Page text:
When you start thinking about retirement, one of the first things to consider is what it will cost you to live comfortably.

That assessment gives you a basis for determining the income you’ll need.

Some things will probably cost less when you retire: You won’t be commuting. Your mortgage may be paid off, or nearly so. Your children may be college graduates with jobs, not living in their old rooms. There may be other expenses that will drop as well.

On the other hand, certain things will probably cost more. Health insurance and out-of-pocket healthcare costs top the list. Real estate taxes and property insurance may go up. You may want to spend more on travel, hobbies, or other things you’ve been waiting to do until you had more time.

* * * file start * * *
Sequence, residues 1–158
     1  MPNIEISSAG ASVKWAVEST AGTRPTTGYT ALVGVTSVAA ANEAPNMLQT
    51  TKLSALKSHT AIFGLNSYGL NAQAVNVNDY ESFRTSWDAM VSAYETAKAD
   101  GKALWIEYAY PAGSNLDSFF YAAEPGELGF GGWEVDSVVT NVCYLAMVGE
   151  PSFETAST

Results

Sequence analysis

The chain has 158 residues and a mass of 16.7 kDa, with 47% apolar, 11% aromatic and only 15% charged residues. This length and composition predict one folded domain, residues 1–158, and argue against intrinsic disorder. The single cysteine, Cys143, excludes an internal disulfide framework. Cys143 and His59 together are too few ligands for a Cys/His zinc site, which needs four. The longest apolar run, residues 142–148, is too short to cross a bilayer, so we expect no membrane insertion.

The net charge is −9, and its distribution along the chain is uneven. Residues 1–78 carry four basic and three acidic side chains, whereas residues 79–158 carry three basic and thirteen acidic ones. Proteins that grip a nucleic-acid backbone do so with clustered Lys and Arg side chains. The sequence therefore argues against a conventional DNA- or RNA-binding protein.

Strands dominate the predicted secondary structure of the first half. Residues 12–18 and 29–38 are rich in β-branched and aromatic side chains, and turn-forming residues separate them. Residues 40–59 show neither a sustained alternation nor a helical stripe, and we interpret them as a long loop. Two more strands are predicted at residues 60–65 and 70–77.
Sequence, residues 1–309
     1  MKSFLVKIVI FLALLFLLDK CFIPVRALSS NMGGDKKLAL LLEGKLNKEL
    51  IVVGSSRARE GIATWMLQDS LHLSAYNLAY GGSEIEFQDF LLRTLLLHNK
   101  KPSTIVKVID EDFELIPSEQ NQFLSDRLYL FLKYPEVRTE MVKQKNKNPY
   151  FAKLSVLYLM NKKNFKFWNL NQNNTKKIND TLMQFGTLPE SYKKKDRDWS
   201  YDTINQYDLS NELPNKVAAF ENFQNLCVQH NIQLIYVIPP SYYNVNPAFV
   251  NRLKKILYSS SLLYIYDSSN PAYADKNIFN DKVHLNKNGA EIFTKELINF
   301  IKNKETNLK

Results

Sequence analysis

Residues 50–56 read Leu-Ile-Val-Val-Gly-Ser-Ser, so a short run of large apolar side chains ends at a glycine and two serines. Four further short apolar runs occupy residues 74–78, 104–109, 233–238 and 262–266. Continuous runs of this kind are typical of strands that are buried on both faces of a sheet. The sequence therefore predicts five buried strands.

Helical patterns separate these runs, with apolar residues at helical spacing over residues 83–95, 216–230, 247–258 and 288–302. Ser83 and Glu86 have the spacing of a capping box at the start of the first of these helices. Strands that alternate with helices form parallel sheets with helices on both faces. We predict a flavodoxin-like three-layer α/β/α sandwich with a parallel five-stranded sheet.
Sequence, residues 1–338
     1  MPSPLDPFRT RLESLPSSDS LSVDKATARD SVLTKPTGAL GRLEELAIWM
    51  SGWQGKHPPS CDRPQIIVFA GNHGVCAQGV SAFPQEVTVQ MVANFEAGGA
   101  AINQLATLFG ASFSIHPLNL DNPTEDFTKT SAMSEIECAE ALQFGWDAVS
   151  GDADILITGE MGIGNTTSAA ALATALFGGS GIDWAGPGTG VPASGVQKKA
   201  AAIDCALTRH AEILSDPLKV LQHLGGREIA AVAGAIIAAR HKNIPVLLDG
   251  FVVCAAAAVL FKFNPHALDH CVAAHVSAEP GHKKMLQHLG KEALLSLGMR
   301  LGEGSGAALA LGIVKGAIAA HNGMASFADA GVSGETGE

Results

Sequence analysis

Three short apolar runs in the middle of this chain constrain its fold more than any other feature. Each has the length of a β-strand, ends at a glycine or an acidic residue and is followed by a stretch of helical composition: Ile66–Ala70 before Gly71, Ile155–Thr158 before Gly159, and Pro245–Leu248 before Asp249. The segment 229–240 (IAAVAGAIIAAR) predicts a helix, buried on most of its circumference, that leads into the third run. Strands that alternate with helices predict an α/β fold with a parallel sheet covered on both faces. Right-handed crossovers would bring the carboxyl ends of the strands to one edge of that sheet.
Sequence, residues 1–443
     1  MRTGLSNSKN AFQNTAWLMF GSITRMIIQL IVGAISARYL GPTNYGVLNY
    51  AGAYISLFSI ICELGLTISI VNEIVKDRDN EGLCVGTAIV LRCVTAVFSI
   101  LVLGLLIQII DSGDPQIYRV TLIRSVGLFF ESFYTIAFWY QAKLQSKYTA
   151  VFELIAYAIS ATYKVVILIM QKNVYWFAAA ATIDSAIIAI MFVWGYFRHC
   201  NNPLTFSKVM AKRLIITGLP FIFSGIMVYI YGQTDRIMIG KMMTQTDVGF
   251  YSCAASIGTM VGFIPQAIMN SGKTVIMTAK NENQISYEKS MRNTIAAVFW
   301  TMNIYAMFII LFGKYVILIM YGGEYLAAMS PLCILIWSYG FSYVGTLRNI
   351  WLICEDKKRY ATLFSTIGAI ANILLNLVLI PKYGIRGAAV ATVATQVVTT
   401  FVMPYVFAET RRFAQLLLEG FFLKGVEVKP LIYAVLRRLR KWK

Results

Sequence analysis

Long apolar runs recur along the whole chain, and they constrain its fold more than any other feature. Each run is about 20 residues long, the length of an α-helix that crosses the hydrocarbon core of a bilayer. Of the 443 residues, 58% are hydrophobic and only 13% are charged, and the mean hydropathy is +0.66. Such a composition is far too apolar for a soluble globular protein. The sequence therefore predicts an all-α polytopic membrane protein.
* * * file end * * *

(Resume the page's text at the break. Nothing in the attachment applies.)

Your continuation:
And you’ll still be spending money on food, clothing, and other necessities.

The consensus is that in retirement you’ll need at least 70% of your last working year’s income to maintain your lifestyle after retirement. You will probably need more if you’re single or the primary breadwinner in your family.

Inflation is a primary factor: Your costs will increase over time, some faster than others. Each year that you’re retired you’re likely to need more income than the year before.

Six Primary Sources of Retirement Income
  • A pension from a private company or public organization
  • Social Security benefits
  • An annuity—a contract between you and an insurance company—that provides guaranteed income for a certain period of time

  • Income from tax-sheltered retirement accounts, such an employer-sponsored 401(k), 457, or 403(b) plan, and an individual retirement account (IRA)

  • Income from taxable investment accounts

  • Income from a post-retirement job